Cathy Davey is a jewel in the Irish music scene. Her charmingly ramshackle debut 'Something Ilk' and its more refined follow up 'Tales of Silversleeve' have cemented her place as one of the most talented songwriters to come out of Dublin, as equally capable of creating sing-along worthy pop songs as stylish, heartfelt ballads. With her third album, Cathy proves she's still a force to be reckoned with.
'The Nameless' begins vibrantly with dense, elaborate arrangements, as the title track opens with its ethereal vocals and softly plucked guitar creating a ghostly atmosphere, soon to be followed by the tetchy strings and military rhythms of 'Army of Tears'. In many places, Cathy reverts back to the sparse, raw nature of her debut. 'Happy Slapping' boasts a familiar playful and childlike quality, while 'Wild Rum' hinges on buzzing bass and abrasive harmonies. Elsewhere, Davey tips her cap to 60s girl groups with a production style that allows her echoing female backing vocals to own each song, but never so much so as on single 'Little Red', its oohs and aahs combined with handclaps and retro soul strings.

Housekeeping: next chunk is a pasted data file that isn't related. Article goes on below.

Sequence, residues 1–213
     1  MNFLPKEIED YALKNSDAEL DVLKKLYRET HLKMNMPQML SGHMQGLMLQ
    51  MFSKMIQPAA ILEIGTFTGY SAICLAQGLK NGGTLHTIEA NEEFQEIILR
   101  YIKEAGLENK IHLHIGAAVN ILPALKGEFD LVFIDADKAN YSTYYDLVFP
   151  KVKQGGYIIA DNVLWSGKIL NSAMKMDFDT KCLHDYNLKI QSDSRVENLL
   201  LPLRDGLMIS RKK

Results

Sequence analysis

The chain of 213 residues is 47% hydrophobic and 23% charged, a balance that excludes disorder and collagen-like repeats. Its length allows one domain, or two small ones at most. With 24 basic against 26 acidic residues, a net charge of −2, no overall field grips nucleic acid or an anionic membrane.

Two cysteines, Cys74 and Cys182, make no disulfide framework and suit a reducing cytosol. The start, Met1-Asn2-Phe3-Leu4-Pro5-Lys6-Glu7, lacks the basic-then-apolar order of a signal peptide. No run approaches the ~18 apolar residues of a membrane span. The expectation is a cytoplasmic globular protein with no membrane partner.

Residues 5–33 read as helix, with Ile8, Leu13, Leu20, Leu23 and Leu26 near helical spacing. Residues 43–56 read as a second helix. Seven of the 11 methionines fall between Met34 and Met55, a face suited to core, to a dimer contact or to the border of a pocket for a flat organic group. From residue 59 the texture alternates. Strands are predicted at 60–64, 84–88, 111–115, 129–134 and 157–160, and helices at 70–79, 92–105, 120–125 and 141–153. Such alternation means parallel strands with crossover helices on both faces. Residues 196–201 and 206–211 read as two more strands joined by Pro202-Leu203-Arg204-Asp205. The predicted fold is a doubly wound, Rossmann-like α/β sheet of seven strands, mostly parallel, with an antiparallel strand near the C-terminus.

True, 'The Nameless' wanes a little in the second half as slower, lighter numbers become more frequent, but with a little patience, pleasing nuances begin to reveal themselves. While the pretty if slightly contrived 'Bad Weather' conjures images of Paris in the rain, the quivering strings and frail vocals of 'Lay Your Hand' are just modest enough to be beautiful. Though it never quite matches the shine and sparkle of 'Silversleeve', 'The Nameless' is pretty special in its own right.